I was told by a former employee at one of the grocery stores in my community that the store the former employee worked at throws out up to 50 loaves of bread a day and up to 10 cooked chickens a week, The reason, I was told, that this much bread is thrown out is because the bakery has been told to bake a certain amount of bread so that the shelves remain fully stocked even though the store’s decision makers know that they sell much less per day. As for the cooked chickens, the store’s policy is to ensure that the customer will always have cooked chickens available to purchase.

clapping-hands-transparent-b-g-mdNow I know this is the teacher in me coming out, but if there was a law forcing institutions and large chain grocery stores to donate all their throw away edible foods to charitable organizations, such as food banks and soup kitchens, then I have no doubt that the number of people experiencing food insecurity would drop.  The world can only become a better place to live in with such laws.  So France, I applaud you for taking the lead on such a law.  I sincerely hope that the remaining wealthy countries of the world will follow suit.  We are human beings and human beings help one another.

I also got to thinking that it is unfair of me to just rely on governments to make change.  Don’t get me wrong.  They do need to make laws like the one France has passed.  But, what can I do as an individual to help reduce food waste?  Could I be doing more to make a difference? Curious as to how much households waste, once again I did some research.    According to the The Washington Post article, How the U.S. manages to waste food, American families throw out between 14 and 25 percent of the food and beverages they buy. This can cost the average family between $1,365 to $2,275 annually.  According to the Globe and Mail article, Canadians waste seven billion kilograms, the average Canadian household wastes between 500 to 750 grams of food per person a day, or about $1,500 a year.  Now that is a lot of food.  This is shocking! This is wrong!  It reminds me of some of the lyrics from Nickelback’s song, When We Stand Together, that says,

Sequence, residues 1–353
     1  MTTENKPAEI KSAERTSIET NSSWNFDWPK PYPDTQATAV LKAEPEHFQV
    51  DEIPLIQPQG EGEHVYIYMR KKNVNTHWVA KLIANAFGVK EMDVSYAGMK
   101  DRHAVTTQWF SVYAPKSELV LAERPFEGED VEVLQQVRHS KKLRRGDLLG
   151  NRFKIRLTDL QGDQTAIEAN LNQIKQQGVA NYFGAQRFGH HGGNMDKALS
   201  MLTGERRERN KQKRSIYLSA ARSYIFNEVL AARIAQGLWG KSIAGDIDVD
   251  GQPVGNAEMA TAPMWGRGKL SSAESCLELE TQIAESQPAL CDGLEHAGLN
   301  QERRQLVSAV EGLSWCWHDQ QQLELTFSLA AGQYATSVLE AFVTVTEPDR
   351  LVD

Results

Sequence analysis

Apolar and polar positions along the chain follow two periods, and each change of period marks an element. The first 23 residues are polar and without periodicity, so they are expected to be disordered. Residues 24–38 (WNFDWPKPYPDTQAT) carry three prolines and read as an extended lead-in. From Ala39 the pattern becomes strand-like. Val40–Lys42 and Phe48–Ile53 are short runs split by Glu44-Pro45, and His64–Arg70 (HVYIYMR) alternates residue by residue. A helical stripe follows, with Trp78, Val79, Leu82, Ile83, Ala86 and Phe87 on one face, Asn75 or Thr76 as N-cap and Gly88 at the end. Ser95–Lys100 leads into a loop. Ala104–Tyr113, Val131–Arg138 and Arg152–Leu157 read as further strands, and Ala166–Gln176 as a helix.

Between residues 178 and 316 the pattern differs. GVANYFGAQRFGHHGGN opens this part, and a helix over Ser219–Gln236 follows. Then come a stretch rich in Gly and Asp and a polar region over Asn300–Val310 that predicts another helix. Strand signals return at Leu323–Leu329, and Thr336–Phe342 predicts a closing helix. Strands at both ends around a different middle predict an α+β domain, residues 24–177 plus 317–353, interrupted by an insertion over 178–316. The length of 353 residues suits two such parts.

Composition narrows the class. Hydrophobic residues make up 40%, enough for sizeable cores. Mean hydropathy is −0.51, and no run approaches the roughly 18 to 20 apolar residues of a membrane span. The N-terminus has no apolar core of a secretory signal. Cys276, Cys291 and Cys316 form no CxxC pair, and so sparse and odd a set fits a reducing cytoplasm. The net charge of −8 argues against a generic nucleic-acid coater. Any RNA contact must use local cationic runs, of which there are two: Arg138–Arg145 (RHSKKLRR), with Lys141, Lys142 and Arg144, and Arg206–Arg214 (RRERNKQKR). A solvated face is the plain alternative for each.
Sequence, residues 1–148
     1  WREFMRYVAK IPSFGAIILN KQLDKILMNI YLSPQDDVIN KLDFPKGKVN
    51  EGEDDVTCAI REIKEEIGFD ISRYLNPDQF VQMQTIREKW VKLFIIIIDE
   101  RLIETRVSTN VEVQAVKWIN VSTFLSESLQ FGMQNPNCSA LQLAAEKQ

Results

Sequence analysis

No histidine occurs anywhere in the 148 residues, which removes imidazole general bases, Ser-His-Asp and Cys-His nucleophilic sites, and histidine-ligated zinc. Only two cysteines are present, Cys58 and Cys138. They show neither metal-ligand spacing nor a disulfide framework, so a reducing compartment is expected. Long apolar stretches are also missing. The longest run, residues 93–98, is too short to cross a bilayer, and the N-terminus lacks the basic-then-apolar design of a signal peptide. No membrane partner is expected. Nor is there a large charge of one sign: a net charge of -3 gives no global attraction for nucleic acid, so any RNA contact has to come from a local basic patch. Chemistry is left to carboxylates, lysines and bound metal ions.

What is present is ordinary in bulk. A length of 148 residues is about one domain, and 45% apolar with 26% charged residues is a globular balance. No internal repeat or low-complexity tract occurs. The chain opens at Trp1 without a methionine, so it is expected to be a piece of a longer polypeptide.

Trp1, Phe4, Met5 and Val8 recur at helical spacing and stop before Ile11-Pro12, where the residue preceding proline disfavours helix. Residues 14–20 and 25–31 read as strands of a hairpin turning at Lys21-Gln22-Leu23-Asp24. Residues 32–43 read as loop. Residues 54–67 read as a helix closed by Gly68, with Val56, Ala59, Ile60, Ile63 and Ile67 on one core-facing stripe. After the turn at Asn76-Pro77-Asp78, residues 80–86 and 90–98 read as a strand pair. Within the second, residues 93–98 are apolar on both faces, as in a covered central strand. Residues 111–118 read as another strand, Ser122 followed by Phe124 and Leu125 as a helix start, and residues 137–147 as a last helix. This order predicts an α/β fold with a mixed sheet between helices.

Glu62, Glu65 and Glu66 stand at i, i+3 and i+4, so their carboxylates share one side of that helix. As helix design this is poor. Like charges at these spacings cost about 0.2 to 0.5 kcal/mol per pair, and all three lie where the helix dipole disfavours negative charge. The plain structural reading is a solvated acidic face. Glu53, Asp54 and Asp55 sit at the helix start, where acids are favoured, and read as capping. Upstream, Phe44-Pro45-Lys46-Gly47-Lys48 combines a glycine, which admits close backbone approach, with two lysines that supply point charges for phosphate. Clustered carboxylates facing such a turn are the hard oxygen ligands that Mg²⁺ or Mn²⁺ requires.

How can we fall asleep at night?
When something’s clearly wrong
When we could feed a starving world
With what we throw away

So what does a person do about it? One of the comments regarding the article, Food waste cost Canada, the commenter indicated that he had cut back on food waste (quoted exactly as he wrote it) by

  • Buying less and going to the grocery store more frequently means less spoiled food.
  • Careful planning of meals and making all your own meals at home.
  • Less income in the past several years makes me aware of foods value – the less money you have the less food you waste. I know that for a fact.

Now I thought this was good advice, especially now in light of the fact that I am living on a fixed income as a pensioner.  Furthermore, eat your leftovers.  I personally know of people who refuse to eat leftovers.  They throw out their leftovers.  My wife and I like leftovers as it means less cooking.  We have at least one night a week where we eat just leftovers. I challenge all of you to make individual changes to lessen food waste.  If each household wastes less food, then less people would go hungry.  We all need to do our part!  Together we can make a better world.

Author: Sommer season all year

I am a retired school teacher. I taught high school for 35 years.